|         |<----- />= \________|              |
    | "failed"|       \60 /        |   'passed'   |
    +---------+        \ /         +--------------+
         |              v                |
         |              |                |
         +------------->|<---------------+
                        V
                        _
                       ( ) 
                        -
    
    
      
       
              if (grade >= 60) 
                 cout << "Passed" << endl;
              else 
                 cout << "Failed" << endl;
      
    conditional operator ? :
       
    cout <<  (grade >= 60 ? "Passed" : "Failed" ) << endl;
    
       --- or  ----
    
    cout <<  grade >= 60 ? cout << "Passed\n" : cout << "Failed\n"  ;
      
    nested ifs
       
              if (grade >= 90) 
                 cout << "A" << endl;
              else if (grade >= 80) 
                 cout << "B" << endl;
              else if (grade >= 70) 
                 cout << "C" << endl;
              else if (grade >= 60) 
                 cout << "D" << endl;
              else  
                 cout << "F" << endl;
    
     
    Figure 12: nested if/else selection structure


    An example of a The if selection construct program will be depicted in the next section.

    The if selection construct program

    In the following table, we show the code for an if selection construct program.

     
    /** **************************************************************************
     * This program averages 4 test scores. The If_Construct.cpp:
     *  1- Obtains four numbers from the user;
     *  2- Calculates the average of those four numbers;
     *  3- Prints the average to the screen.
     ***************************************************************************/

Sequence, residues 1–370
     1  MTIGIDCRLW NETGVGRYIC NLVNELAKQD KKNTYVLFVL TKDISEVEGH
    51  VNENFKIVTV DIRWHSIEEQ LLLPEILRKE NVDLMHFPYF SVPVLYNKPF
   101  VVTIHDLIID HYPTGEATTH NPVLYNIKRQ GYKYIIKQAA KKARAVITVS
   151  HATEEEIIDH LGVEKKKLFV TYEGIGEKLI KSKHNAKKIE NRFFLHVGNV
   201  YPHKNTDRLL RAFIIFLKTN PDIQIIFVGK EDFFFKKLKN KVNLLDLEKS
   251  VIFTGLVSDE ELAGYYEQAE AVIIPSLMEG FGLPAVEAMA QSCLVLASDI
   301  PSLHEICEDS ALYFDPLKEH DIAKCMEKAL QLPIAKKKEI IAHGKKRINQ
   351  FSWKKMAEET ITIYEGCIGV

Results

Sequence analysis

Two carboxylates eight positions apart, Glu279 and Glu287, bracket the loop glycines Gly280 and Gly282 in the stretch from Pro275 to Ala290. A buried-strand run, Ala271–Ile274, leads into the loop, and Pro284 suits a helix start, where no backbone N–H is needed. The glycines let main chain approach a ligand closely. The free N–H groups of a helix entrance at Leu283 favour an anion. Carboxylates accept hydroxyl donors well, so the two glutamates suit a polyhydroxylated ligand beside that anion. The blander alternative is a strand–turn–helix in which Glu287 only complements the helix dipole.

using System ;
    
    /** ***************************************************
     * _tmain() method defines the C# entry point for the 
     *  console application that is used when the program is 
     *  loaded into memory. 
     *
     ******************************************************/
       public static void main( String args[] )  {
    	int Score1, Score2, Score3, Score4 ;
    	double average;
    
    
    	for ( int ii = 0 ; ii < 4 ; ii++ 0  ) {
               Console.WriteLine( "Enter a test score and they will be averaged: " ) ;
    	   score + "ii+1" = Console.ReadLine() ;
    	}
    
    	average = (Score1 + Score2 + Score3 + Score4) / 4.0;
    
    	cout.precision(1);
    	cout.setf(ios::showpoint | ios::fixed);
    	Console.WriteLine( "Your average is " + average + "\n" ) ;
    	if (average == 100)
    	   Console.WriteLine( "Congratulations! You've achieved a perfect score!\n" ) ;
    
    	return 0;
    }
    
     
    Figure 13: Single selection structure

    The if/else nested selection construct program

    In this section, we will show the nested if in the table below.

     
    /** **************************************************************************
     * This program averages 4 test scores using a nested if construct. This 
     * program does the following:
     *  1- Obtains four numbers from the user;
     *  2- Calculates the average of those four numbers;
     *  3- Prints the average to the screen.
     *  4- Prints the grade to the screen.
     ***************************************************************************/
    
    
    /** ***************************************************
     * main() method defines the C# entry point for the 
     *  console application that is used when the program is 
     *  loaded into memory. 
     *
     ******************************************************/
       public static void main( String args[] )  {
    	int Score1, Score2, Score3, Score4 ;
    	float average;
    
    	cout << "Enter 4 test scores and they will be averaged: ";
    	cin >> Score1 >> Score2 >> Score3 >> Score4 ;
    
    	average = (Score1 + Score2 + Score3 + Score4) / 4.0;
    
    	cout.precision(1);
    	cout.setf(ios::showpoint | ios::fixed);
    
    	if (average == 100)
               cout << "Congratulations! You've achieved a perfect score!\n";
    	else if (average >= 90) {
               cout << "Your average is " << average << "\n" << endl;
               cout << "Your grade is "A" \n" << endl;
    	}
    	else if (average >= 80) {
               cout << "Your average is " << average << "\n" << endl;
               cout << "Your grade is "B" \n" << endl;
    	}
    	else if (average >= 70) {